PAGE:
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Comparison and Contrast between Keats' Ode to Nightingale and Ode on a Grecian Urn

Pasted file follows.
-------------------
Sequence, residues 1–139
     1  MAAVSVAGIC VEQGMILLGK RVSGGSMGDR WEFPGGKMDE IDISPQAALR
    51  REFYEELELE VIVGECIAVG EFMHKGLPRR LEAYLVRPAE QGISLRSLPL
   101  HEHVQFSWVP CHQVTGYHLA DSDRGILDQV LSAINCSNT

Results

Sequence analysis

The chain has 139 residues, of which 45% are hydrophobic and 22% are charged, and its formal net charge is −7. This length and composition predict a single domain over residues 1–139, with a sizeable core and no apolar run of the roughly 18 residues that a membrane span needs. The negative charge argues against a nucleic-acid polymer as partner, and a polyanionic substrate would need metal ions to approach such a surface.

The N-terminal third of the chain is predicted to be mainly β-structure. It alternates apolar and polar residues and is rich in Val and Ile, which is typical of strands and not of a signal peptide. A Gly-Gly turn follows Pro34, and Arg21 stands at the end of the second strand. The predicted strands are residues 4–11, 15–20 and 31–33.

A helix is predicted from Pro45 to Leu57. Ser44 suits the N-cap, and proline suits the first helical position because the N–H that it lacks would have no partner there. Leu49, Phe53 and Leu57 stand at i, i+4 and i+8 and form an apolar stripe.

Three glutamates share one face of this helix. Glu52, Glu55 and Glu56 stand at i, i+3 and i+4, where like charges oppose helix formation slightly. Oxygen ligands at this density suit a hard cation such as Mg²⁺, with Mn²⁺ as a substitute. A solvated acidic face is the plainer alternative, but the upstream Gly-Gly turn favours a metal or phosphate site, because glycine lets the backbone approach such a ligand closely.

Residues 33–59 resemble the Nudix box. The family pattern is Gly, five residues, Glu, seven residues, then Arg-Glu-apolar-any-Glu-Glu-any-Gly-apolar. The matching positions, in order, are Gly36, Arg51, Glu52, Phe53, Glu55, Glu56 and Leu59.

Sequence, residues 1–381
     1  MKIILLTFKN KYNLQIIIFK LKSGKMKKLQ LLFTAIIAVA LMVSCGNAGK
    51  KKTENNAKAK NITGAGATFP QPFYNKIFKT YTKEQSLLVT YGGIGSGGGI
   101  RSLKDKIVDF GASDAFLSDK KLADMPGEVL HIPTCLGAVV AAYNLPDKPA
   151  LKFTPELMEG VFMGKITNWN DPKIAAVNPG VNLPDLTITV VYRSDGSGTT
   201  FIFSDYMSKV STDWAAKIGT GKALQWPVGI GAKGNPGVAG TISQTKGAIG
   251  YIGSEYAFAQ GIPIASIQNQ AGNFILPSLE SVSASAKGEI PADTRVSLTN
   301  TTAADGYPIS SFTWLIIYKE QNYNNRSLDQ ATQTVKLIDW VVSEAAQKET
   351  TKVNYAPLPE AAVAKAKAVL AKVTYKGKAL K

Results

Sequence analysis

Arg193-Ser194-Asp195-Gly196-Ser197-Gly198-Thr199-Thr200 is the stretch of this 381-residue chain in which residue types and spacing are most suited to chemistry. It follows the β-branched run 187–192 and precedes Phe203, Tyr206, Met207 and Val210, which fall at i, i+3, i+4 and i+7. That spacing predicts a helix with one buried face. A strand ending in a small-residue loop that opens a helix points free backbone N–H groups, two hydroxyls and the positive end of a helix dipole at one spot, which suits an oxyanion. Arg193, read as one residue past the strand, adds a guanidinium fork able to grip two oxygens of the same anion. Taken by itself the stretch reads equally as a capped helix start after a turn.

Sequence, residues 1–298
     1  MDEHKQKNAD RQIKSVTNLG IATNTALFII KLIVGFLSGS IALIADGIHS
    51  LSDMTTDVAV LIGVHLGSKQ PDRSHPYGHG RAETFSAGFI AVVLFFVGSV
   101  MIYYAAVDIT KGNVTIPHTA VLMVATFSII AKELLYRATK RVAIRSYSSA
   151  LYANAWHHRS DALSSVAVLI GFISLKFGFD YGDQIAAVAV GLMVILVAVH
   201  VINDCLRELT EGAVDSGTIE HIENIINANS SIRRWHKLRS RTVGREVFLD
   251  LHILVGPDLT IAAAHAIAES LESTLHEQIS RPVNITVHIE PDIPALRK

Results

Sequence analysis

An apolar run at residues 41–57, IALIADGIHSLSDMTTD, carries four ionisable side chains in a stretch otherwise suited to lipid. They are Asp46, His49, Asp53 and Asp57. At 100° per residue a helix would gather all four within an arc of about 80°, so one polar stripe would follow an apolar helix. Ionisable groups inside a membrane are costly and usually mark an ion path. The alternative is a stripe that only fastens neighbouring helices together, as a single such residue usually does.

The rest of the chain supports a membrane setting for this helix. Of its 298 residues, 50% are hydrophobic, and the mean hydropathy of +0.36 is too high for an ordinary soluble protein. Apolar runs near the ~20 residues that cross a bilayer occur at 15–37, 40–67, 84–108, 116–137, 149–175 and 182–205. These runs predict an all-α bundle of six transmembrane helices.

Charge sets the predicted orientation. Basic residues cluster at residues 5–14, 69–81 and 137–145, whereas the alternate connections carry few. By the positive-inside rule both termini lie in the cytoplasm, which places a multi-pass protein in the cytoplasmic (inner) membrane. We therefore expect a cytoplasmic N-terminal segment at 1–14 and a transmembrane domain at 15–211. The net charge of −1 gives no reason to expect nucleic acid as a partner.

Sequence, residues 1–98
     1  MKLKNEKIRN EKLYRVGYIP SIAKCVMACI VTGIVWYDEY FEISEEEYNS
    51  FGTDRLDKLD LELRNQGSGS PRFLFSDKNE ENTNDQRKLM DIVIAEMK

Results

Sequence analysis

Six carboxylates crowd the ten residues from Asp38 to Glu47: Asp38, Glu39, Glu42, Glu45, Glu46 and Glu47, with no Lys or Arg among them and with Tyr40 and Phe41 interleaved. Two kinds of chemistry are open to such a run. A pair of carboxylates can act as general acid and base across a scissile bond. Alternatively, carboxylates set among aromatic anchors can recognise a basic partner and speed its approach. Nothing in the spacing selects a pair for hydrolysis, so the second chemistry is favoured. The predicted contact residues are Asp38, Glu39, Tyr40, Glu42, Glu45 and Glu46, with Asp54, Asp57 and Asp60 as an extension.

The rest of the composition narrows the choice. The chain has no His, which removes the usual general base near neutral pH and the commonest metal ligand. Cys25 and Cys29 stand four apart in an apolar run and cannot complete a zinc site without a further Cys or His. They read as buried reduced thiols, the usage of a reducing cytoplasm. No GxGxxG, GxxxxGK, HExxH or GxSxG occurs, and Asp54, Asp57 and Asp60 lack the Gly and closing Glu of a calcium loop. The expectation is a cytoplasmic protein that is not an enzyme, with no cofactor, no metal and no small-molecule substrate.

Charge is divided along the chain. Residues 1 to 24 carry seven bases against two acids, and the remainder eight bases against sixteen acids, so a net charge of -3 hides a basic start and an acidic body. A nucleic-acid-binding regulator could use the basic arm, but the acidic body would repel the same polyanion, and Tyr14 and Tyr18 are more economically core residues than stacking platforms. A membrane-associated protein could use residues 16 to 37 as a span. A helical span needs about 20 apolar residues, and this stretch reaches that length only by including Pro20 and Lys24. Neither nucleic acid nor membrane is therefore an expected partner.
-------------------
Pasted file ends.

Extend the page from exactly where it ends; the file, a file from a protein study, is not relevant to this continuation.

Ode to Nightingale and Ode on a Grecian Urn are finest examples of pictorial quality and sensuousness. There are both similarities and dissimilarities in these odes. As the theme is concerned both the poems are similar. Both the poems deal with a universal theme mortal and immortal, transience and permanence. Similarities on the basis of structure The structure of the Ode on a Grecian Urn has a close parallel is that of its contemporary Ode to Nightingale. The Ode to Nightingale with its eight stanzas is longer but has the same kind of plan and development. The first verse provides the introduction in which the poet, feeling like one numbed or drugged, hears the Nightingale singing of summer. Though no explicit questions are asked, the contrast between the exhaustion of the poet and the rapturous song of the bird is itself a question and provokes what follows. In the second to seventh verses, Keats develops the main subject which is the effect of the Nightingales song on him. He wishes in turn to fade away with the bird, to dissolve and forget his fever and his fret, to cease upon the midnight; then he rises to a more positive theme. He sees that the birds song belongs to a timeless order of things and the climax comes at the end of the seventh stanza with its recognition that song like this is beyond the grasp of death. The eighth stanza brings the conclusion in which Keats returns to reality and relates his enrapturing experience to it, recognizing that he can not for long share the ecstasy of the birds song. He has come back to where he started but something has happened which makes him unsure of himself asking whether he is awake or asleep. Keats has understood the birds rapture and entered into it and he sees more clearly the ambiguous nature of his relations to all such experiences. And just as in the Ode on a Grecian Urn Keats deepens the significance of his poem by his contrasts between ideal beauty and actual life, so in the Ode to a Nightingale. At each stage of the Ode on a Grecian Urn Keats transforms poetry to which he had given prolonged attention and which are very much his own. Similarity on the basis of the use of symbol Both the odes are rich in the use of symbol. The central symbol of Ode to Nightingale is Nightingale. On the other hand the main symbol of Ode on a Grecian Urn is Urn. Nightingale symbolizes happiness. As the poem progresses, the song does not remain the song of a particular bird it becomes a symbol of the eternal beauty for the poet. It is in this sense that the poet cries out: Thou wast not born for death, immortal bird. The song of the bird will never come to an end because it has become one with the universal beauty. In Ode on a Grecian Urn Keats calls the Urn as unravishd bride of quietness. The Urn is a concrete symbol of some vast reality which can be reached only through knowledge of individual objects. The Urn is also the foster child of silences and slow time.